by Katrina Firlik
Random House, 2006
Summary in a Sentence:
A medical rarity—only five percent of this country's 4000 neurosurgeons are women—Firlik lets us in on the secrets of her job.
This book was simply fascinating. Neurosurgeon Firlik takes the reader through her experiences as a medical student then a resident neurosurgeon with pit stops to explain some odd curiosities about both her chosen profession and the brain itself. Not many women have ventured into the area of neurosurgery-only about 200 at the time the book was published just a few years ago- so this book gives the reader quite the inside glimpse into the field.
"Luckily, in this modern era, I've never found the need to storm out of a room, call anyone a chauvinist, or report any transgressions to the authorities. The way for women in surgery has already been paved to a great degree, and I'm grateful for all the women who must have had it harder-much harder-than I did."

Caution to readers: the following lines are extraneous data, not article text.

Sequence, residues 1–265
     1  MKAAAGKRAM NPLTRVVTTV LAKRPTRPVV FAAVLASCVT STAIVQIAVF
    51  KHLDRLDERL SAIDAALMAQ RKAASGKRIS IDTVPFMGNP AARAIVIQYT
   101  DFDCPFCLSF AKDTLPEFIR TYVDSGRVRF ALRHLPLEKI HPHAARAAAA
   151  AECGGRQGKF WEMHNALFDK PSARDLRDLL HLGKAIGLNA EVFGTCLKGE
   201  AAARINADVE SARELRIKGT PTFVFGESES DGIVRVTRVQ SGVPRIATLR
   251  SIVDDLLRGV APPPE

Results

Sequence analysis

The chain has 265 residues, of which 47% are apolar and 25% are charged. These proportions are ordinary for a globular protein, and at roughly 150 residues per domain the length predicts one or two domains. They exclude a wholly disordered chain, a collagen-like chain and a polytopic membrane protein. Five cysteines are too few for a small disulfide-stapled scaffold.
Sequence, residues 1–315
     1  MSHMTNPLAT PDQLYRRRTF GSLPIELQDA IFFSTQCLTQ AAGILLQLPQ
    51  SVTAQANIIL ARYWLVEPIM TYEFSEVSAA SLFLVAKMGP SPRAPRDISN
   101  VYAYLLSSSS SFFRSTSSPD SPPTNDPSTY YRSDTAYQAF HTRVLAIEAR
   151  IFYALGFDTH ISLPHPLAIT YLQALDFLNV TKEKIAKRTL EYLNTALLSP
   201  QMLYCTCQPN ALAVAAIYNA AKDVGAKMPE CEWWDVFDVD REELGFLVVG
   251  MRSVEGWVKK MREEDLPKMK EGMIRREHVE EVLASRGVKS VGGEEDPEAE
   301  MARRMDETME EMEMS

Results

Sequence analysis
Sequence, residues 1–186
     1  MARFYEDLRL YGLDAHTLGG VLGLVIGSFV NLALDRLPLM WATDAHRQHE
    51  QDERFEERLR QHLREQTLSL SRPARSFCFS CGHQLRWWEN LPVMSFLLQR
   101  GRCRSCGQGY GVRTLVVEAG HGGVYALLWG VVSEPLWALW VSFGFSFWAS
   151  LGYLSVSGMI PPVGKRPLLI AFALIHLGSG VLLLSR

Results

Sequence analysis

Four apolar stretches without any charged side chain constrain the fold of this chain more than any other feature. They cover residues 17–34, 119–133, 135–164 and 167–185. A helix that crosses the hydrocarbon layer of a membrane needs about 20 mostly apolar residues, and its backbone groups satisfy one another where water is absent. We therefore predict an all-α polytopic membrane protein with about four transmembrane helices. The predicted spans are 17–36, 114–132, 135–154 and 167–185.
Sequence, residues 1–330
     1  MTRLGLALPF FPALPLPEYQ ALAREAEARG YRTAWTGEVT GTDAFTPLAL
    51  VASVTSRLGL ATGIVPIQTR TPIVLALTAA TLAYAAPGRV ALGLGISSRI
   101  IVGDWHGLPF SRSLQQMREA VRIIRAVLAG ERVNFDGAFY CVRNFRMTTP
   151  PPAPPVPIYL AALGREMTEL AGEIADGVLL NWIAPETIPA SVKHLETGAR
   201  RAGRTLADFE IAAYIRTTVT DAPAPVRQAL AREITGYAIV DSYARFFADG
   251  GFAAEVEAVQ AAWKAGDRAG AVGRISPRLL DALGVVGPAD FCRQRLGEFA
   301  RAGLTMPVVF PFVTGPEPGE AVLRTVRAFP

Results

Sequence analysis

Firlik discusses the world of brain surgery much the same as a mechanic would discuss the goings on at the auto shop at times. She stresses the physicality of the job, complete with the drills and handsaws often required to reach the soft tissue that requires surgery. Also included in the book are some very interesting little-known tidbits on the brain and its amazing ability to heal. This is a great nonfiction pick for the layperson interested in science and the workings of the brain, not to mention those interested in women's studies.
~ This book counts towards the Women Unbound Challenge ~
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